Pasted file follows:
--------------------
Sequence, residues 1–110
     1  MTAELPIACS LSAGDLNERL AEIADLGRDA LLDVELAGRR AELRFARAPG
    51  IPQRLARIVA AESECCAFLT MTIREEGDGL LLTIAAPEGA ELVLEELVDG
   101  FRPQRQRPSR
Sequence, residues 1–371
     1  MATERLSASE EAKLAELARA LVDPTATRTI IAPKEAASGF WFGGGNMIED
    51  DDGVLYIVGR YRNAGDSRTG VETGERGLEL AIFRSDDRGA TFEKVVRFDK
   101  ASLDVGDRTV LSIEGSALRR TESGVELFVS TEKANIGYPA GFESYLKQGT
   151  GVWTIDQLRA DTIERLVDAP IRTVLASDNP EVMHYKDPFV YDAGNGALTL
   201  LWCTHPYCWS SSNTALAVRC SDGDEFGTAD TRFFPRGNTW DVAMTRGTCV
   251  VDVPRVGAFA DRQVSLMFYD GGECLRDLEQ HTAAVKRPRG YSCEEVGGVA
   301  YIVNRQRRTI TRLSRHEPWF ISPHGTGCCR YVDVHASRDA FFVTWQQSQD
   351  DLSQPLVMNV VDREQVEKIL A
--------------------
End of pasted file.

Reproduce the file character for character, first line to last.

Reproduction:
Sequence, residues 1–110
     1  MTAELPIACS LSAGDLNERL AEIADLGRDA LLDVELAGRR AELRFARAPG
    51  IPQRLARIVA AESECCAFLT MTIREEGDGL LLTIAAPEGA ELVLEELVDG
   101  FRPQRQRPSR
Sequence, residues 1–371
     1  MATERLSASE EAKLAELARA LVDPTATRTI IAPKEAASGF WFGGGNMIED
    51  DDGVLYIVGR YRNAGDSRTG VETGERGLEL AIFRSDDRGA TFEKVVRFDK
   101  ASLDVGDRTV LSIEGSALRR TESGVELFVS TEKANIGYPA GFESYLKQGT
   151  GVWTIDQLRA DTIERLVDAP IRTVLASDNP EVMHYKDPFV YDAGNGALTL
   201  LWCTHPYCWS SSNTALAVRC SDGDEFGTAD TRFFPRGNTW DVAMTRGTCV
   251  VDVPRVGAFA DRQVSLMFYD GGECLRDLEQ HTAAVKRPRG YSCEEVGGVA
   301  YIVNRQRRTI TRLSRHEPWF ISPHGTGCCR YVDVHASRDA FFVTWQQSQD
   351  DLSQPLVMNV VDREQVEKIL A